I love the feeling of a new year and the possibilities it brings! And while I don’t set new year’s resolutions anymore, I have a natural inclination to go inwards and think of aspects of my life around which I want to reflect upon and make some changes throughout the year.
As human beings, we are naturally want to reach higher and sometimes a challenge is exactly what we need to discover just how much we’re actually capable of. While I’m all for supporting people in setting goals for themselves, I find many of us simply set goals that are unrealistic, which eventually takes us back to square one, yet with a greater sense of frustration, disappointment and failure. This is particularly common among those of us who decide to lose weight and get fit as part of our new year’s resolutions.
On January 1st, many people decided to jump start on the latest fad diet, sign up for an extreme dieting program in the hopes of losing weight and getting healthier. However these extreme diets seldom deliver the transformation that people truly want (I share more on this in my article Fad Diets: Why they only offer Short-lived Solutions ). In my nutrition practice, I hear people say that what they really want is to feel good. Yes, they want to lose weight but that what they really want is to recover a sense of peace around food, to stop obsessing and thinking about food about 24/7.
I get it. I used to be a chronic dieter and to tell you the truth, I used to obsess about food. Much of my day was spent closely monitoring my calorie intake and carefully planning my meals. This was not only interfering with my social life (since being so restrictive around food truly limit’s one’s choices), but also draining since so much of my precious energy was spent thinking about food.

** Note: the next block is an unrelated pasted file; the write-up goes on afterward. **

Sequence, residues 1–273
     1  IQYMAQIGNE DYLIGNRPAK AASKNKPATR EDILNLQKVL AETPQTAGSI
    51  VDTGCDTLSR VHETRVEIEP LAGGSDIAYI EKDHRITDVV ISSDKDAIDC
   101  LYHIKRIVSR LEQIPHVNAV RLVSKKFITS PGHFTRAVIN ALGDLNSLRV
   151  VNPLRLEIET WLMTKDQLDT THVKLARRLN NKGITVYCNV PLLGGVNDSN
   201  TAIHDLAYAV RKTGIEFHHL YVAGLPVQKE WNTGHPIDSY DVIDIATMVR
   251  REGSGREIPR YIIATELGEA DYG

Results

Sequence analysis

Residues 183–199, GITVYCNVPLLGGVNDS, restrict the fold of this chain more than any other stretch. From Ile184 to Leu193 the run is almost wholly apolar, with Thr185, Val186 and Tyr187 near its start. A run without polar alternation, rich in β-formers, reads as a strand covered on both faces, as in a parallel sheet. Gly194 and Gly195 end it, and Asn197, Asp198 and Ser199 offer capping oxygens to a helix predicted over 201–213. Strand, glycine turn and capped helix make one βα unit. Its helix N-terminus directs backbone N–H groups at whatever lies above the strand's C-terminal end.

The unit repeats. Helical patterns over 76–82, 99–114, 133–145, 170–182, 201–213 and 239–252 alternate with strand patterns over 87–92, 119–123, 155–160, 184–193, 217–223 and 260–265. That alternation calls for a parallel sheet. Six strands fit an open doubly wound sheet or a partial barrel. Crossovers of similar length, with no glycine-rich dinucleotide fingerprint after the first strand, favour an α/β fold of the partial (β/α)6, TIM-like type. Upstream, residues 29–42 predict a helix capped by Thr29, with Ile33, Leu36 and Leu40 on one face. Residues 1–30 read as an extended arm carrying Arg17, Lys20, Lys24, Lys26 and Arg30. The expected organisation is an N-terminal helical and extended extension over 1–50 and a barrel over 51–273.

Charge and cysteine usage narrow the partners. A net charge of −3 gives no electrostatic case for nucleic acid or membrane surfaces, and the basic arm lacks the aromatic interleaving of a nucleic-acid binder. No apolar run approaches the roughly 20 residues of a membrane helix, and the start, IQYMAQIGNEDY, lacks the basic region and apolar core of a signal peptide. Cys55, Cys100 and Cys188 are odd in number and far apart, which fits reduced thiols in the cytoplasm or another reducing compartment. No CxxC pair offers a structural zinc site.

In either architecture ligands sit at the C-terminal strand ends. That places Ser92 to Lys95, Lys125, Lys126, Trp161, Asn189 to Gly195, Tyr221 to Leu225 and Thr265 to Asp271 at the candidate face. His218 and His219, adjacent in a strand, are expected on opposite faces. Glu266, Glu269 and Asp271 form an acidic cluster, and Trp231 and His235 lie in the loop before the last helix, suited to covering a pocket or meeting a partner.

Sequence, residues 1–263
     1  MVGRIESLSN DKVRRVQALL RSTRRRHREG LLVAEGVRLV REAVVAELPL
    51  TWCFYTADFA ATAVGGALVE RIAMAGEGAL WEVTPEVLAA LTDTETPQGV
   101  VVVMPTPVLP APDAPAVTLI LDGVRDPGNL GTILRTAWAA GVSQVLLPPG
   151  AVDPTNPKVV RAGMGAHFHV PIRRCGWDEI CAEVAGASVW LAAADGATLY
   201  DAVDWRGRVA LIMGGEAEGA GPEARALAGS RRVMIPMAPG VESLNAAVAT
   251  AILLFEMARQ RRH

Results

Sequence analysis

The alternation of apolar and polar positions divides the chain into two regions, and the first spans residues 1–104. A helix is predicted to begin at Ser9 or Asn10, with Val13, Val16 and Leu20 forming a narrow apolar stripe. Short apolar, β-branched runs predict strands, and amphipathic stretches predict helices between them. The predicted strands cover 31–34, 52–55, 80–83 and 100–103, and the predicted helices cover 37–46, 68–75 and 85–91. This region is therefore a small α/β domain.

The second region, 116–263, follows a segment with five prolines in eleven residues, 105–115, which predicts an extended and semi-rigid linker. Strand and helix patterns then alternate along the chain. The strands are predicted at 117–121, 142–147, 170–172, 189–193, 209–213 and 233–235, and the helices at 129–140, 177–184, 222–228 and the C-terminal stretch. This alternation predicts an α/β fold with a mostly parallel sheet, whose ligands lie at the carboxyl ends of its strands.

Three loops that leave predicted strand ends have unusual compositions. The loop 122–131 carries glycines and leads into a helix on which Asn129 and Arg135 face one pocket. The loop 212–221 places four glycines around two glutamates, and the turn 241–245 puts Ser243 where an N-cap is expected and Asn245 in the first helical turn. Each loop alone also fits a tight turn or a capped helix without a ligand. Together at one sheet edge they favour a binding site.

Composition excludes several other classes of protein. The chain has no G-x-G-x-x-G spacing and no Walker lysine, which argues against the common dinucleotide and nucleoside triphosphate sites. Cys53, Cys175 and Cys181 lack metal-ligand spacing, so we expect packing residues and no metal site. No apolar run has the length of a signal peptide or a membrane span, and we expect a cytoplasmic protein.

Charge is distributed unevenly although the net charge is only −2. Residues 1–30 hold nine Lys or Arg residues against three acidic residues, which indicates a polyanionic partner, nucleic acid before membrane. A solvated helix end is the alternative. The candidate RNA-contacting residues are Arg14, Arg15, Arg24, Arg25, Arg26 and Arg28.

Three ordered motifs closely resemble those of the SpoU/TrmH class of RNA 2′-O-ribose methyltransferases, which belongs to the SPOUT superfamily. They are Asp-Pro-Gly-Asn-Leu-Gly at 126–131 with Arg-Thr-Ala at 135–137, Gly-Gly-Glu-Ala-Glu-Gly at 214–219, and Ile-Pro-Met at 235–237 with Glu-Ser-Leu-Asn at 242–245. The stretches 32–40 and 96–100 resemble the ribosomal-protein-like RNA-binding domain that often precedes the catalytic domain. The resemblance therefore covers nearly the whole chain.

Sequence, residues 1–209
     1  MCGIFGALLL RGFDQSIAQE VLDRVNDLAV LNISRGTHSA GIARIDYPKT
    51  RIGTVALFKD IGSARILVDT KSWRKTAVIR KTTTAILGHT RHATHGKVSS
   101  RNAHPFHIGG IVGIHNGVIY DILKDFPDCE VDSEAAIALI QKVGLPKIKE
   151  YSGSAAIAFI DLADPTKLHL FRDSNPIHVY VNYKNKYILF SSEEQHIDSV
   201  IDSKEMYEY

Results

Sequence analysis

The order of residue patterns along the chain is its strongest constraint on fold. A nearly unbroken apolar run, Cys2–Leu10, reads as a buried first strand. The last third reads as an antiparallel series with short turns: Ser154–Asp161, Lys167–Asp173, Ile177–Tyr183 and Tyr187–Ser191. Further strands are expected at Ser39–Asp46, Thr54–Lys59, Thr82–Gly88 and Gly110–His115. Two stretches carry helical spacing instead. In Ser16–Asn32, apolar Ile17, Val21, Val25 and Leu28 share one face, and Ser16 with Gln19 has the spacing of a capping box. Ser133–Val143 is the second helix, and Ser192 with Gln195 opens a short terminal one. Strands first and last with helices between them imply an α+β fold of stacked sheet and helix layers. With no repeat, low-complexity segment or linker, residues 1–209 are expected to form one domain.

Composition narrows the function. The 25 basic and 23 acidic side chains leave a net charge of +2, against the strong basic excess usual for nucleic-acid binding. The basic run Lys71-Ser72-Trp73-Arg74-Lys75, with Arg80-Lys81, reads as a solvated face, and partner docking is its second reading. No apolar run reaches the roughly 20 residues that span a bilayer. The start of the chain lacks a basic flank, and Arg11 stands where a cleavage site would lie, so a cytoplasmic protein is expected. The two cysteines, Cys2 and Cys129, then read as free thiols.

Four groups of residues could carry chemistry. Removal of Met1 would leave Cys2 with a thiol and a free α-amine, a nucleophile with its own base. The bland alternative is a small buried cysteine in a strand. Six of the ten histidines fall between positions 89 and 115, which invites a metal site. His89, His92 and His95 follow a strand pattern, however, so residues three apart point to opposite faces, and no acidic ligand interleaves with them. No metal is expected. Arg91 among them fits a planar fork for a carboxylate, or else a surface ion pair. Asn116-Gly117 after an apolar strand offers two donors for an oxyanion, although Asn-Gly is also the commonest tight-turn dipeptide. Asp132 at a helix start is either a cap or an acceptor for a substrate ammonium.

A few years ago, I got really fed up with having so much conflict and confusion around something so simple as attaining to one of our most basic needs: eating.
I committed myself to quit dieting. I made it my goal to get back to the basics, to learn to listen to my body and eat intuitively. It was a big step because as dreadful as dieting can be, it also gives us a great sense of control and structure. But this is what I’ve found to be true for myself and those I work with in my nutritional practice: dieting, which in itself centers around rules and restriction, can only take us so far on our journey to achieve a healthy body and weight. On the contrary, eating a balanced, wholesome diet nourishes the body, fosters a healthy weight, and allows us to regain a sense of peace around food and our bodies.
As a Nutritionist, I obviously think a lot about food, but my approach to it has shifted completely. I now see food as gift that keeps my body well, healthy and running so I can go about my business of enjoying life and serving others.